Nor is it a hangover from primitive superstition based on ignorance. Unlike the oppression of women, it is not even a product of class divided society in general.

Racism is the quite specific product of the rise and development of the capitalist economic system. It was not a feature of pre-capitalist societies, not even of the ancient slave societies of Greece and Rome. In those societies slaves (and slave owners) were both black and white. Although anti-slave ideas (‘slaves are by nature inferior’ and so on) were rife, they did not have a racial or skin colour connotation.

The origin of racism lies in the slave trade, in the practice of forcibly seizing and shipping millions of black Africans to the Americas to work as slaves on the plantations.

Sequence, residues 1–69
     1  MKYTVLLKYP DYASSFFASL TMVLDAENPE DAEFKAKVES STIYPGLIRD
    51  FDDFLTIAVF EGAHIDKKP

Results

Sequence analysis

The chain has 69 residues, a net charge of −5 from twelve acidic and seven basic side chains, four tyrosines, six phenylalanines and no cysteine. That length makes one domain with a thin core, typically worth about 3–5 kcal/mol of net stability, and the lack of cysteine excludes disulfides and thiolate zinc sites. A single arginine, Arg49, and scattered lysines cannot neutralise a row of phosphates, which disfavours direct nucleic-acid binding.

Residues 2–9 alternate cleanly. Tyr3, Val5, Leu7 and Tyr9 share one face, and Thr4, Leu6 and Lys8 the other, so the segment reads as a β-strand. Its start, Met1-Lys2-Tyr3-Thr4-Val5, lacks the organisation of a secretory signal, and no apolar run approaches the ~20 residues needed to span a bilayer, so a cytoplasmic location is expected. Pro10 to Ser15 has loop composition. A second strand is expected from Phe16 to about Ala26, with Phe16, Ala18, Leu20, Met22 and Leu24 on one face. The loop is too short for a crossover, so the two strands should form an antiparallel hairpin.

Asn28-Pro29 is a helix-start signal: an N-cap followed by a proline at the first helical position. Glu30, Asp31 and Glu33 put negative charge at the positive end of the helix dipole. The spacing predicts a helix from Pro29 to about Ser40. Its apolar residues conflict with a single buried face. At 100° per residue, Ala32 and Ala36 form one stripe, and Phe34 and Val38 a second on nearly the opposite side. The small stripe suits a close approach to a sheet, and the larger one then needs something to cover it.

(This statement has caused some controversy. It has been argued that the existence of anti-Semitism in the Middle Ages seems to contradict the idea that racism is a product of capitalism. However, as Abram Leon showed in his book The Jewish Question, the anti-Semitism of the period was essentially a religious and not a racial persecution – Jews who converted to Christianity could avoid it. This is not in any way to excuse the horrors that were committed – but to insist that it has to be seen in the same light as the equally horrific persecution of minority Christian sects in the same period.)

This trade and the slavery that followed it were undertaken for economic reasons. They were immensely profitable and played a major role in the rise of capitalism. But like all forms of exploitation, they required ideological justification, and this was supplied by racism. The inhuman treatment of millions of people was legitimated by the theory that these people were subhuman.